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Evacuation orders issued in Whiteshell Provincial Park as state of local emergency declared due to rising water

Click to play video: 'Whiteshell cottagers battle high water' Whiteshell cottagers battle high water
The effort to protect properties at risk continues tonight with rising waters and widespread damage. Abigail Turner has more from the Whiteshell – May 20, 2022

Rising water levels have forced the province to issue a local state of emergency in Whiteshell Provincial Park.

An evacuation order has also been issued for the Betula Lake area, including all cottage subdvisions, commercial areas, group use, day use, recreational and picnic areas, playgrounds, trails and beaches.

READ MORE: Flood risk varies in Manitoba heading into long weekend

The province also says residents in areas near Betula Lake should be prepared to evacuate.

Manitobans are being asked to avoid travelling to Whiteshell Provincial Park, as many highways are flooded.

The rapidly rising water levels are causing deteriorating and dangerous conditions, posing a significant risk to public safety, according to the province.

Cottagers prepare for worst

Water levels for lakes on the Winnipeg River system are expected to get higher, and cottagers and residents are bracing for the worst.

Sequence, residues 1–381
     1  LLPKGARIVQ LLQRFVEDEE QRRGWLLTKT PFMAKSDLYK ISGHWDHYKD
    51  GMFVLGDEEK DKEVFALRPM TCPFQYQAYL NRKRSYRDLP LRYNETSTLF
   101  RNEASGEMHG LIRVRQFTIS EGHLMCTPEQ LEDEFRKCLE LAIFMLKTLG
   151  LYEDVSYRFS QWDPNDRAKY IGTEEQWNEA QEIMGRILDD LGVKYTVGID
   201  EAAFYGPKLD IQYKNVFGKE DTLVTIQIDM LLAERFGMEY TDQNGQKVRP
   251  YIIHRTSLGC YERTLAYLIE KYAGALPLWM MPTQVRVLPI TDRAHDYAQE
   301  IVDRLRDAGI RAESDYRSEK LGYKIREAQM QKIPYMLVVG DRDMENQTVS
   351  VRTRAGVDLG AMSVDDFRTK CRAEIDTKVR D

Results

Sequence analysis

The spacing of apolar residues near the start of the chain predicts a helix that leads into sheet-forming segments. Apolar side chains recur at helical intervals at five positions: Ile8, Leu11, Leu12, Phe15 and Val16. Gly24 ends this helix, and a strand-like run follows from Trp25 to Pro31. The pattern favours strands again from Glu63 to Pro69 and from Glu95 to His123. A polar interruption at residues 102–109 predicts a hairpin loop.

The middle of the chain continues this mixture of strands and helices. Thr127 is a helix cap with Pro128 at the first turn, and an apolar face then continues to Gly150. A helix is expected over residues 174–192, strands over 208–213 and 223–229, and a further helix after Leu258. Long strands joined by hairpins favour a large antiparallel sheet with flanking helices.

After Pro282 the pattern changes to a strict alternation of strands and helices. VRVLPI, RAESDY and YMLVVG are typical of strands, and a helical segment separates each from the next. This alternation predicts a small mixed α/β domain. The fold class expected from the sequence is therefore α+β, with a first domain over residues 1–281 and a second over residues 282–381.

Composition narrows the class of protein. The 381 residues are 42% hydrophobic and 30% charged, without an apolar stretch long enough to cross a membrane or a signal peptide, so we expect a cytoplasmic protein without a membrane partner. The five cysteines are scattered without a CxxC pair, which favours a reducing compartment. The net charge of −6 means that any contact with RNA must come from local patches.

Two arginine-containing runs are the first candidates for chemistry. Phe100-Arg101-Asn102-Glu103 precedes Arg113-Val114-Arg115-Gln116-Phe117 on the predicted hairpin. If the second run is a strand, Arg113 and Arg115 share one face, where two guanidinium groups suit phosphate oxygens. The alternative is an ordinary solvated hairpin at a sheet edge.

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“If the water does breach and it comes up that two feet that they’re talking about, (it) will literally fill up the basement, the crawl space of our cottage,” Eleanor Lake resident Gordon White told Global News.

“And potentially, hopefully not, get onto the floor, which would be a disaster.”

The Winnipeg River is expected to crest in early June. Manitoba Hydro is predicting lake levels will rise in the next 10 to 15 days by 2.2 feet for Eleanor and Margaret Lake, 2.3 feet for Sylvia Lake, 2.1 feet for Nutimik, 1.9 feet for Dorothy, and 1.2 feet for 8 Foot Falls.

White says the ordeal has resulted in many sleepless nights.

“A lot of stress, (for) myself included and others,” White said.

“I feel like giving up at times but we’re not quitters, most people aren’t. We’re just going to do what we can and hope for the best.”

Eleanor Lake cottager Terry Solomon says he’s never seen lake levels like this.

“I don’t think we’ve ever seen these levels, I haven’t in my lifetime, I don’t think anyone has ever seen these levels,” Solomon said. “It’s probably more than a foot higher than I’ve ever seen here.”

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Solomon can now only reach his cottage by boat or with a pair of hip waders.

“I can’t bag anymore because I can’t get in or out, so I’m just lifting stuff now, everything is going two feet off the ground,” he said.

“(People) are almost ready to give up, it’s that bad. It’s really hard right now.”

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